SOUTH-WEST Victoria will boast strong representation at the Foundation Interstate Challenge in Melbourne this week, with three participants in the eight-strong 13-and-under Victorian side.
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Warrnambool Lawn Tennis Club players Patrick Drake, 13, of Warrnambool, Eloise Swarbrick, 12, of Hawkesdale, and Harry Boyd, 13, of Woodford, have smiles as wide as the net after being selected to play in the Foundation Interstate Challenge in Melbourne.150108LP08 Picture: LEANNE PICKETT

The competition will see Victoria take on other states from around the nation, with age groups ranging from 10 years and under to 15 years and under.

Patrick Drake, 13, and Harry Boyd, 13, are the two male representatives in the 13-and-under age group, while Eloise Swarbrick, 12, will make up one of four places in the 13-and-under female team.

The inclusion of three competitors from the south-west is the first time in about five years that Warrnambool Lawn Tennis Club has had a representative present in the state squad.

Co-organiser Helen Swarbrick said that the selection of three players was a testament to the emphasis that the club had put on junior development.

“There’s a big emphasis on junior development. We’re focusing on bringing the juniors through and into regionals, taking them to lots of tournaments,” she said.

“It’s very hard to get into the team. You think of all the kids competing (to be selected for the state side) — around 48 girls and 48 boys. It’s been about five years since we’ve had a representative, so to have three in a team of eight is a huge honour.”

The tournament will see the youngsters given a glimpse of the lifestyle that comes with the professional game, an experience which Warrnambool Lawn Tennis Club junior committee member Brenda Boyd said was great for their development.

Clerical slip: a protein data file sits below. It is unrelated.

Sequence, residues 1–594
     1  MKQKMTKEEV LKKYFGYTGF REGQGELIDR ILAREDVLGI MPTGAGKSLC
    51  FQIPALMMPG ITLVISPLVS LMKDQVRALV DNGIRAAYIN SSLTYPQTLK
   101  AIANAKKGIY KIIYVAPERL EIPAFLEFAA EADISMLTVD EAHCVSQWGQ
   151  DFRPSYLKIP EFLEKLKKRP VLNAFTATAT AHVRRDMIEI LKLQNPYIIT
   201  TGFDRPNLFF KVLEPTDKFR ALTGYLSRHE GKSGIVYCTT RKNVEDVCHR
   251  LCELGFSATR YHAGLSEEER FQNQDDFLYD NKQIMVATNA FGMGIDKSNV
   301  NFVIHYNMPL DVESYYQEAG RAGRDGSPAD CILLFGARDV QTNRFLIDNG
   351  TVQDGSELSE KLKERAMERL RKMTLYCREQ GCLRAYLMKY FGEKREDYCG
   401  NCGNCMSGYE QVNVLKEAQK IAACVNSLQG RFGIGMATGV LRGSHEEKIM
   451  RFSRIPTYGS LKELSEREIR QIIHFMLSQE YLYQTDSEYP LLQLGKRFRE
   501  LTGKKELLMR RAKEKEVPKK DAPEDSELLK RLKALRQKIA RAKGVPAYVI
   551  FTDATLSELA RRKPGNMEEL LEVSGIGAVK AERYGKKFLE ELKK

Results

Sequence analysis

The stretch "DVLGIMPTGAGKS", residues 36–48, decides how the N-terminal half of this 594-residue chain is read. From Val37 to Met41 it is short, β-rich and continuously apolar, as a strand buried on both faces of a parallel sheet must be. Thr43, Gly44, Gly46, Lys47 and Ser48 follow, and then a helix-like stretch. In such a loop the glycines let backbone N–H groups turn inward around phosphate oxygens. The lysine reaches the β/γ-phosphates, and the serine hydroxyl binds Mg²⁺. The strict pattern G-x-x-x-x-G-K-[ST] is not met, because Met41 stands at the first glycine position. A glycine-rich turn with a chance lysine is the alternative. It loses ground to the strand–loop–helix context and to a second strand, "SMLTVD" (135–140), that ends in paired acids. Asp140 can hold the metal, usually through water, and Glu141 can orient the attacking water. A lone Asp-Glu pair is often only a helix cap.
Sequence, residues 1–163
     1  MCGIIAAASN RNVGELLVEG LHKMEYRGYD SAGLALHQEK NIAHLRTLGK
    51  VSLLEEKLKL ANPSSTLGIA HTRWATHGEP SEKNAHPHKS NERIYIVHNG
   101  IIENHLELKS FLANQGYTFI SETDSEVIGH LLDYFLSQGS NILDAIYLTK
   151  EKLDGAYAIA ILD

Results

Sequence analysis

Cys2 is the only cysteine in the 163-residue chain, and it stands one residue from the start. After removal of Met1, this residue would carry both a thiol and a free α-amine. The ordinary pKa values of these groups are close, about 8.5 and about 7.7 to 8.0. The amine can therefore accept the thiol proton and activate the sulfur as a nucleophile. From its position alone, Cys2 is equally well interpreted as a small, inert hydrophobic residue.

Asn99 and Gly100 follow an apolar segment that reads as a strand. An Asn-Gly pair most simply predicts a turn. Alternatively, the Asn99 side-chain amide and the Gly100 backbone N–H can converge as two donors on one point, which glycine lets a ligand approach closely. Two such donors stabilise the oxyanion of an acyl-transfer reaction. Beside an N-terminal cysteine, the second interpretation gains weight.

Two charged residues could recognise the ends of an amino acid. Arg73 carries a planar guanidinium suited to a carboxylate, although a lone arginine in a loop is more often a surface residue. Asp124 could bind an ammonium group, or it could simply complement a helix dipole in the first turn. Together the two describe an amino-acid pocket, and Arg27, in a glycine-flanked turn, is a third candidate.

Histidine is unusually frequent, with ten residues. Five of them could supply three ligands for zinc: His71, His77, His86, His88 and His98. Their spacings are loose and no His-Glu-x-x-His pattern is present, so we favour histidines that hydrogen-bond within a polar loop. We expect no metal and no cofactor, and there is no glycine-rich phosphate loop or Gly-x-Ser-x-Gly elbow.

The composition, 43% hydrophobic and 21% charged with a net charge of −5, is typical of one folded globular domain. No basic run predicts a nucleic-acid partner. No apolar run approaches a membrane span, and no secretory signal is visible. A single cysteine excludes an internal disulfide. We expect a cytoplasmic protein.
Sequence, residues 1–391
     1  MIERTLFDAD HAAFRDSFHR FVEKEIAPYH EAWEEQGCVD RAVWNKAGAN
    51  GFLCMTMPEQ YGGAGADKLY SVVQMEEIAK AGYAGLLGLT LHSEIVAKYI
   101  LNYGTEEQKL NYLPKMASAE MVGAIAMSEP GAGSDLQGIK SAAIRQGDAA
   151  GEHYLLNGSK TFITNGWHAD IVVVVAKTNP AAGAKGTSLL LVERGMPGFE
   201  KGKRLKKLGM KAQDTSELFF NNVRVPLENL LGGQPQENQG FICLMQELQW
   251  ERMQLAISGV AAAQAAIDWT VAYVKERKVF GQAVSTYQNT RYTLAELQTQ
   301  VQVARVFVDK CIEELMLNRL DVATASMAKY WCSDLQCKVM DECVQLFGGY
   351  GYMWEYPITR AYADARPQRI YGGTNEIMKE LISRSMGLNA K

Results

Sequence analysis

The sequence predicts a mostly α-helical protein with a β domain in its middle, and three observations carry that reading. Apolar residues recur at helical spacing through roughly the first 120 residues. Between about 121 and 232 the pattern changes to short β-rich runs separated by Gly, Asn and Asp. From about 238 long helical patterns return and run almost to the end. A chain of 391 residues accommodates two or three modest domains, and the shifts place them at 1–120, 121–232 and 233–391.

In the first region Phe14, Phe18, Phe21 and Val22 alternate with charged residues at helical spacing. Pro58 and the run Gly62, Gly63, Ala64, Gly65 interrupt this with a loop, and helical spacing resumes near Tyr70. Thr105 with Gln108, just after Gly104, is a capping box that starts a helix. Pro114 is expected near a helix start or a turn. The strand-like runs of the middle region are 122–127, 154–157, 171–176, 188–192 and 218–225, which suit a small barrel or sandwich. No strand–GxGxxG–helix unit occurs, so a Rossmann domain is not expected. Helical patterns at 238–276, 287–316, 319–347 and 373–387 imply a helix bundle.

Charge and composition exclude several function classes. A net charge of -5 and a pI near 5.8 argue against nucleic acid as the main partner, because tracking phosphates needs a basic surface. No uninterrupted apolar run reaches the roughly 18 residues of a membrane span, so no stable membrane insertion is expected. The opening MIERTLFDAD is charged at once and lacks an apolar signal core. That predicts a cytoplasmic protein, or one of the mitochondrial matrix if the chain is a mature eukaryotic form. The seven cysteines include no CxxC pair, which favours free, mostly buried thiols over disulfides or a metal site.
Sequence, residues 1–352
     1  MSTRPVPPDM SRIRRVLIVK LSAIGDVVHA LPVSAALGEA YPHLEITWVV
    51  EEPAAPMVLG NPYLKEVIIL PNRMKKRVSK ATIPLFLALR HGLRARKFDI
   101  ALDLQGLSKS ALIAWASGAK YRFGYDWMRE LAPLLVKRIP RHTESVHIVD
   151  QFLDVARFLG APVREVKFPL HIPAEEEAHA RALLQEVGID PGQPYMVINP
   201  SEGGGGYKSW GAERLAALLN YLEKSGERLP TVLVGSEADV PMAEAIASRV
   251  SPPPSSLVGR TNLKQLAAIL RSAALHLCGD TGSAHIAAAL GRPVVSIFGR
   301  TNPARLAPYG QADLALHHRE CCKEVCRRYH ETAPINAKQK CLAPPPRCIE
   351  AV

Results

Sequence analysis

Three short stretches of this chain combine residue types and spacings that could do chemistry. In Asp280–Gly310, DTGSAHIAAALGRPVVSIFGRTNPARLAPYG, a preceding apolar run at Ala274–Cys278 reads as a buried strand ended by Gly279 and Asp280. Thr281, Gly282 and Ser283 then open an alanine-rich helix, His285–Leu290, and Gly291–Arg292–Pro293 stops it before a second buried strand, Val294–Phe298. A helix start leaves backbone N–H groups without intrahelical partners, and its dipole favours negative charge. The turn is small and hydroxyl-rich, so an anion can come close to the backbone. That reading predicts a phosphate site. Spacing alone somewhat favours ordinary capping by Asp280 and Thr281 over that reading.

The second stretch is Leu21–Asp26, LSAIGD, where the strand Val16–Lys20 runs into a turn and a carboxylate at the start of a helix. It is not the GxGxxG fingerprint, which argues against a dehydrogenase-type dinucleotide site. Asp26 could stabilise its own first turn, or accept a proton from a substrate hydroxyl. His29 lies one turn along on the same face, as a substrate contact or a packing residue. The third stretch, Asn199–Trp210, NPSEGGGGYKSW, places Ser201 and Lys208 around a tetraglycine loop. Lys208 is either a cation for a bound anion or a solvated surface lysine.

“They all get on and they all mix, and they have a ball together. These kids have made it over all the Gippsland kids, all the Mildura kids — 12 country regions in total,” she said.

Boyd also praised Tennis Victoria for beginning to look to country regions for talent.

“Not many kids get the opportunity. Selectors are actually looking at the south-west now and saying wow, there is actually talent. Tennis Victoria tend to concentrate on the Melbourne kids, but the country kids can do it. They’re actually starting to look at our kids,” she said.

Patrick, Harry and Eloise said that they were nervous but excited.

The tournament is at the South Yarra Lawn Tennis Club from January 12 to 16.

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BEST EFFORT: Coastal runner Brian Lyons placed second in yesterday’s Cadbury Marathon in Hobart. Picture: Meg Windram.COASTAL runner Brian Lyons had two reasons to celebrate after placing second in yesterday’s Cadbury Marathon in Hobart.
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As the first entrant from the state across the line and second overall, the 30-year-old claimed the Tasmanian marathon championship.

Lyons’s time of two hours, 31 minutes and 48 seconds was also a personal best, improving his previous mark, in Melbourne in 2013, by one second.

New South Wales runner David Criniti, who won the event in 2009, was first across the line in two hours, 25 minutes and 48 seconds.

Lyons, in only his second marathon ever, said he was pleased with the result but it could have been better.

“I was a bit disappointed because I overshot the turn by 200 metres so I ended up running 400 metres more than I should have,” he told The Advocate.

“I felt really good out there and the conditions were perfect.

“This is my first senior title and I’ve had lots of seconds and thirds, so it’s nice to win.”

Lyons praised the encouraging crowd and thanked his parents for their support.

Lyons has recently relocated to the Coast after some time in Sydney.

In yesterday’s women’s race, Adelaide’s Sheena Jackson won from Amy Lamprecht in three hours, two minutes and 30 seconds.

David Thomas, of Beechford near Launceston, took out the half-marathon race and in doing so successfully defended his crown.

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2015 Penguin Island Swim at the Port Sorell SLSC.Taking line honors for the race is Ray Winstanley, of Hobart.
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SO POPULAR is Port Sorell’s Penguin Island Swim it has top level state competitors passing up national events.